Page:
De Grendel Amongst the Renosterveld by Janet Ormond
“De Grendel amongst the Renosterveld” – Earth Day 2023
Made from ocean plastic pollution
This artwork is a powerful statement about the beauty and fragility of our planet, and the urgent need to take action to protect it.
Created by environmental artist Janet Ormond, the sculpture is made entirely from ocean plastic collected off the shores of South Africa.
The centrepiece is a bottle of De Grendel wine, amidst the rich fauna and flora that surrounds us.
The sculpted artwork features important species of plants found in the Renosterveld, a unique and valuable ecosystem that is home to many endemic species. Amongst the flora is a Cape Sugarbird and our national bird, The Blue Crane, which symbolizes bravery and the ability to restore order. As we face the devastating impact of climate change, we too all need to be brave and work together to protect our planet.
While the sculpture is visually stunning, it also serves as a reminder of the negative impact that humans have had on our environment. The use of ocean plastic highlights the urgent need to address ocean pollution and reduce our impact on the environment.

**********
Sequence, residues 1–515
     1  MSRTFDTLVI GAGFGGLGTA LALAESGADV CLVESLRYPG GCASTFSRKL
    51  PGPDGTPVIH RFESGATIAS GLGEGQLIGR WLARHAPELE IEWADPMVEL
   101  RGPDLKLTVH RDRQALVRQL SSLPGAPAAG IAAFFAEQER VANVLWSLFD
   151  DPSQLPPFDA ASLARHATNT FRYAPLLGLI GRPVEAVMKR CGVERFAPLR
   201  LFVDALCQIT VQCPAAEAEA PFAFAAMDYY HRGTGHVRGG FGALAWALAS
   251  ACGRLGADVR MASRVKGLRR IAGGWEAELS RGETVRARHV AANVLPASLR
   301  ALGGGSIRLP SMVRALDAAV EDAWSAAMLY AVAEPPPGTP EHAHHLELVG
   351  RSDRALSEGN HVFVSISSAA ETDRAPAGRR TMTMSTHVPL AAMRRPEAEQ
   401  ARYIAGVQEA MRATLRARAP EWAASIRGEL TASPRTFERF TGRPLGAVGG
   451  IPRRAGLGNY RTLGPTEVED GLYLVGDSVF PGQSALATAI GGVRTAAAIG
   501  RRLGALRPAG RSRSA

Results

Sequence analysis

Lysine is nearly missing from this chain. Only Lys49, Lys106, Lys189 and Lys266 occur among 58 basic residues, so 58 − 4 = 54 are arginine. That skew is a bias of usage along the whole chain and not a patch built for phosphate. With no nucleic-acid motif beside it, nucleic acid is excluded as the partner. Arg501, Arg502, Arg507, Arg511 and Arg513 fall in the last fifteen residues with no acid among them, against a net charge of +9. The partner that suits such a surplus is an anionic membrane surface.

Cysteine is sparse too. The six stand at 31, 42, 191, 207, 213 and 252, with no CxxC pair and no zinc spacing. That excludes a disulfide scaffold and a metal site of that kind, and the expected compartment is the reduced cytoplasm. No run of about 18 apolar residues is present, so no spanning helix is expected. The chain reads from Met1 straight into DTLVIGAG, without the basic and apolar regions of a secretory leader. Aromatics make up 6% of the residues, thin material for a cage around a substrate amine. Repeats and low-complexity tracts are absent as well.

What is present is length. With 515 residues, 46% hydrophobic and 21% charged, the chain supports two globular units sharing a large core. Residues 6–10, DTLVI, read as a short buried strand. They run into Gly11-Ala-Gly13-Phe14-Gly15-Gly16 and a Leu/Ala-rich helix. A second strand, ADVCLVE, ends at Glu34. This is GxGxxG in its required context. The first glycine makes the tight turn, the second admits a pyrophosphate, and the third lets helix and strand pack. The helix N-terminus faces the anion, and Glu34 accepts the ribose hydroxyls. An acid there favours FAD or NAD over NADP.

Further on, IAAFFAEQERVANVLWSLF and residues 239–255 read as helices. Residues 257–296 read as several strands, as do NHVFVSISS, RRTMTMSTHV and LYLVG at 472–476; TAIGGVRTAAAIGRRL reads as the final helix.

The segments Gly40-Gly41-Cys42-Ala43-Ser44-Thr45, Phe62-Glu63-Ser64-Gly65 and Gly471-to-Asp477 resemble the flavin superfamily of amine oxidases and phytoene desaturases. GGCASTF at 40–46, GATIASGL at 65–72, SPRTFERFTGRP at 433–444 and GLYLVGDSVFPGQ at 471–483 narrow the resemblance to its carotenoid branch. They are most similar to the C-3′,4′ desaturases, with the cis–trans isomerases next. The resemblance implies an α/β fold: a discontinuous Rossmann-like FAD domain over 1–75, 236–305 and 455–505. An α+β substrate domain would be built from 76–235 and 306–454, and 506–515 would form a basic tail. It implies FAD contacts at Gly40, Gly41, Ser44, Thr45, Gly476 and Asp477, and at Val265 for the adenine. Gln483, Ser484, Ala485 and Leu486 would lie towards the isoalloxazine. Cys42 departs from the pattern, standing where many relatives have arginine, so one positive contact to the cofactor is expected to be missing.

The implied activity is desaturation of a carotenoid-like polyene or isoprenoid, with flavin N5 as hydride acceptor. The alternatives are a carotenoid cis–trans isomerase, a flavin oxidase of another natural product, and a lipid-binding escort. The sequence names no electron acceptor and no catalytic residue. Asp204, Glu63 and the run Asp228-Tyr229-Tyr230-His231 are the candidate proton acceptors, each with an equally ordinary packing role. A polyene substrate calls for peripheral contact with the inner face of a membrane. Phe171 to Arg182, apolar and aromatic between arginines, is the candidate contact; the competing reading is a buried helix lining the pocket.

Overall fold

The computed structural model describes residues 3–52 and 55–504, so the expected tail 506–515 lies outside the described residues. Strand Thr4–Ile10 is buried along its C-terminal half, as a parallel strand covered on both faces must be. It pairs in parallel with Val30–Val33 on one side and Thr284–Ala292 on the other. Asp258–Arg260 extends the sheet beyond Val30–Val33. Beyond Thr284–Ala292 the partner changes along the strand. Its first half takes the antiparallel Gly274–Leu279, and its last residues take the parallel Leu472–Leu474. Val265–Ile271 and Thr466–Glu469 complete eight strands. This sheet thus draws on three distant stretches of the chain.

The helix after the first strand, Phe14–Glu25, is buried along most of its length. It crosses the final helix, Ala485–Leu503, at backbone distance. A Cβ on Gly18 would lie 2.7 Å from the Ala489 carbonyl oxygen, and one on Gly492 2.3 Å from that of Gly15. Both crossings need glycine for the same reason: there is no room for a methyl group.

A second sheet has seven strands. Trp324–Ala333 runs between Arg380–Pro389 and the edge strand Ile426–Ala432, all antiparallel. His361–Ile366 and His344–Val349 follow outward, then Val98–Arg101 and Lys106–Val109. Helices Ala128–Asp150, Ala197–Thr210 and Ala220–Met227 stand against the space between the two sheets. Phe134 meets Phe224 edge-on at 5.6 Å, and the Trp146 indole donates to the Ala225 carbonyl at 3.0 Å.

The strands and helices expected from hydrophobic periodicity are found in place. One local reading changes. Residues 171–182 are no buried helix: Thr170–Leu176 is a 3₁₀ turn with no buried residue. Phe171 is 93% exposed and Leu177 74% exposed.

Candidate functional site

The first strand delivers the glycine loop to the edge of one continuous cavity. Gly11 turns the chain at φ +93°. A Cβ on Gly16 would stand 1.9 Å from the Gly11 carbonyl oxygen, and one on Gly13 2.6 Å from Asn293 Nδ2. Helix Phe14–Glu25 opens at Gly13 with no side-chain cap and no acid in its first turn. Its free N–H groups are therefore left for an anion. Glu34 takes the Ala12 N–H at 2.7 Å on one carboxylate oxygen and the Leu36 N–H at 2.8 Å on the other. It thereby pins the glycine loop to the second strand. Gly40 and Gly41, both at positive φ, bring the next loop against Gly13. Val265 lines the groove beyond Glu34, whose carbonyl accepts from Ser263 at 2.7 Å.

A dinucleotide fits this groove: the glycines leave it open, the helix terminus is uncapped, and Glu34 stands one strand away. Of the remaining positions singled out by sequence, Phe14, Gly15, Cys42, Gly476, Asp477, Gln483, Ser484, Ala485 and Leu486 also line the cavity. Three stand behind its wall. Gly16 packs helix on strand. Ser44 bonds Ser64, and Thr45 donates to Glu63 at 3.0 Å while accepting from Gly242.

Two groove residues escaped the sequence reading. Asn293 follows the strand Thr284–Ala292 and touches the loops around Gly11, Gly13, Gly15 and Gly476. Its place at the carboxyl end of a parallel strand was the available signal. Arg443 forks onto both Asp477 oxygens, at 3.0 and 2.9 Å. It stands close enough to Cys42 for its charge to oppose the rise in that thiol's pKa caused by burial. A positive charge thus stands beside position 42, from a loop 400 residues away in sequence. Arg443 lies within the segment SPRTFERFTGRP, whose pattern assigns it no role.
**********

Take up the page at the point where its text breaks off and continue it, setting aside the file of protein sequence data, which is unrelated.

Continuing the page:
As we celebrate Earth Day, let us reflect on the beauty that surrounds us and the importance of making changes in our daily lives to lessen our impact on the planet. We can all play a role in protecting our environment and ensuring a sustainable future for generations to come.
Interesting Insights Into The Piece
The bottle of Shiraz represents De Grendel farm at the foot of the Renosterveld which is shaped as an outline of Tygerberg hill.
Included in the Renosterveld taxa are 6 important/endemic species;
- Watsonia – native to Southern Africa
- Geissorhiza imbricate - commonly known as Ker Gawl and listed as near threatened.
- Babiana melanops – also known as the Blackeye Bobbejaantjie and listed as vulnerable.
- Leucadendrin verticvillatum – commonly known as Klapmuts conebush and listed as critically endangered.
- Lachenalia liliflora – commonly known as Cape hyacinth or Viooltjie in Afrikaans and is listed as critically endangered.
- Serruria incrassata – commonly known as Silver-paw Spiderhead or much better sounding in Afrikaans, Silverklouspinnekop and is listed endangered.
Special thanks to Jonathan Bell from the Cape Invasive Species Unit - Environmental Management Department
Spatial Planning and Environment Directorate for assisting with with information on the Tygerberg hill area and the Swartland Shale Renosterveld taxa.
The ocean plastics used includes;
- Fishing net
- Flip Flop
- Bottle lid liners
- Container lids
- Fishing line
- Duct tape
- Milk carton seal
- Synthetic Canvas
- Toothpaste tube
- Package strapping
- Plastic bottle
- Cooldrink lids
- Other unidentifiable plastics